Which means we can talk about APIs and the crappiness of string hacking for anything. Thus, SQL Injection!

The Code Curmudgeon maintains a SQL Injection Hall-of-Shame which is fascinating and depressing reading. (The page includes helpful links including the invaluable SQL Injection Prevention Cheat Sheet.)

On the one hand, the lesson seems to write itself. On the other, it’s really important to teach this stuff!

(I’ll throw the XSS Prevention Cheat Sheet on here too.)

Constant Time Code

Timing attacks on crypto are on the rise. (They are one class of side channel attacks. In general, side channel attacks are very tricky.)

Most software has multiple execution paths and the time (or other resources) it takes to follow different paths can vary considerably. Indeed, one key aspect of efficient programs is the handling of potentially “fast paths” in an actually fast way. But even if you aren’t breaking out some paths as optimisations, normal program structuring leaves you with programs whose performance is sensitive in specific ways to input (of otherwise comparable size). This can allow attackers to infer things, including, sensitive information.

One way to combat this is to make all execution paths take (essentially) the same amount of time. For example, suppose I have a short circuiting Boolean operation “shortOp OR longOp”. Since my OR will only execute “longOp” if “shortOp” fails, I have two rather different execution paths. If I replace it with a non short circuiting “OR” i.e. one that always executes all its operands, then I’ve make this test constant time… for if my functions are constant time and there are no surprises from the compiler when optimising. To a first approximation, there are always surprises. At the very least, I need to check the output of my compiler.

The paper “FaCT: A Flexible, Constant-Time Programming Language” presents a new programming language and tool chain designed to support the implantation of constant time, thus timing attack resistant, functions.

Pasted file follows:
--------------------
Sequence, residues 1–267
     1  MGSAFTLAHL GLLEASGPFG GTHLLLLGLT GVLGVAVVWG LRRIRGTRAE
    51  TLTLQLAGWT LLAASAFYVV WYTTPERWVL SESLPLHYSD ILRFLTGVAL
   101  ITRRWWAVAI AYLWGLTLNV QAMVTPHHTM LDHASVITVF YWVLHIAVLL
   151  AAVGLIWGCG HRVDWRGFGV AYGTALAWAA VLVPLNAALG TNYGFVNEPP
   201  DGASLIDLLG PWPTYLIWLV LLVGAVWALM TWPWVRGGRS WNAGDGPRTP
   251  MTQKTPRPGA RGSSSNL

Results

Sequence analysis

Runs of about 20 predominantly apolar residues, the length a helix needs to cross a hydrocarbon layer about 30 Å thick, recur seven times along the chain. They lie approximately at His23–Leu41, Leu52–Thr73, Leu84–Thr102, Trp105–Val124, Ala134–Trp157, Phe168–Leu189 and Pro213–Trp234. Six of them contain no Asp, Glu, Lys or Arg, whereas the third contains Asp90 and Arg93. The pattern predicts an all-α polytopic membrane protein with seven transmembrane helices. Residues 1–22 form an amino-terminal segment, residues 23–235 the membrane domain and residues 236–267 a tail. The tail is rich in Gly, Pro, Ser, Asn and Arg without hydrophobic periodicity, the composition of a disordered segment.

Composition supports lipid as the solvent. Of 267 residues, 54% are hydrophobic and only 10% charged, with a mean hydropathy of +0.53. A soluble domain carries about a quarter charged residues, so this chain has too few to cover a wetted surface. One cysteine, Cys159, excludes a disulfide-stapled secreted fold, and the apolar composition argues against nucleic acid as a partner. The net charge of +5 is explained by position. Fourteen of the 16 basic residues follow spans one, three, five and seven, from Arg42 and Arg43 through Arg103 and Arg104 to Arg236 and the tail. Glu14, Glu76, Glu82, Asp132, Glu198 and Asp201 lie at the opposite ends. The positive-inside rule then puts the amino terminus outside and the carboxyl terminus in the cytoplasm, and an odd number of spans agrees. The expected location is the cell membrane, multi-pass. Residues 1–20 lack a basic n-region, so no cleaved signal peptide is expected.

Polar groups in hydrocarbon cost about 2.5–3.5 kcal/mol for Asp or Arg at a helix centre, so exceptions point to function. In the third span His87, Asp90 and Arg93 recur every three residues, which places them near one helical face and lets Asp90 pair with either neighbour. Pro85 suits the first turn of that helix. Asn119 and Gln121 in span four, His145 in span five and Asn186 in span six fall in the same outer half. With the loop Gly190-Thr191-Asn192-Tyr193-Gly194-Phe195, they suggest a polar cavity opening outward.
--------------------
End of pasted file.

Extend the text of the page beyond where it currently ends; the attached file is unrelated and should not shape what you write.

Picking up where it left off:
It’s worth reading for part II alone which is a tour of vulnerabilities of normal C code and some standard mitigating tricks. Their solution seems interesting:

FaCT is designed to: (1) allow developers to easily write idiomatic code that runs in constant time, (2) be flexible enough to express real-world crypto code, (3) interoperate with C code, (4) produce fast assembly code, and (5) be verified to be resilient against timing attacks.

The DSL looks pretty neat and the use of verifiers and solvers as key points is fun. There’s no empirical evaluation so whether it helps is still open.

It’d be interesting to try to embed this DSL in a language like Rust. I’d think you’d have to do it at the language level and not using the macro facilities but I’m not sure. You definitely need to perform verification checks late in the compilation process and that might not be easily accessible from the language level.

Addendum: While cleaning up tabs, I found an interesting blog post on writing a “branchless” UTF-8 decoder. The goal there was performance by helping pipelining. This would also avoid speculative execution for the decoder, I’m guessing.

What’s up with NoSQL?

A blog post (by a database vendor) caught my eye entitled Why SQL is beating NoSQL, and what this means for the future of data. For years I’ve co-taught a course roughly on the prior generation of anti SQL database tech (primarily XML, all under the rubric of “semi structured data”). For a similar time frame, I’ve researched and advocated for a sort of “anti SQL” information tech: the RDF stack and ontologies. And I remember the MySQL  arguments against ACIDity which are a kind of anti-SQL move. Most of the time, the arguments are more against either the relational calculus (too inexpressive!) or the tech infrastructure (doesn’t scale!). Modern NoSQL was more focused on the latter so it’d be no surprise if as we technically catch up on scaling, SQL would make a come back. If your objection to relational is performance, that’s not a good long term bet. Infrastructure catches up and crappy piles of code doing all sorts of little query, maintenance, and analytical jobs suck. Big piles of SQL sucks too, but it sucks so much less: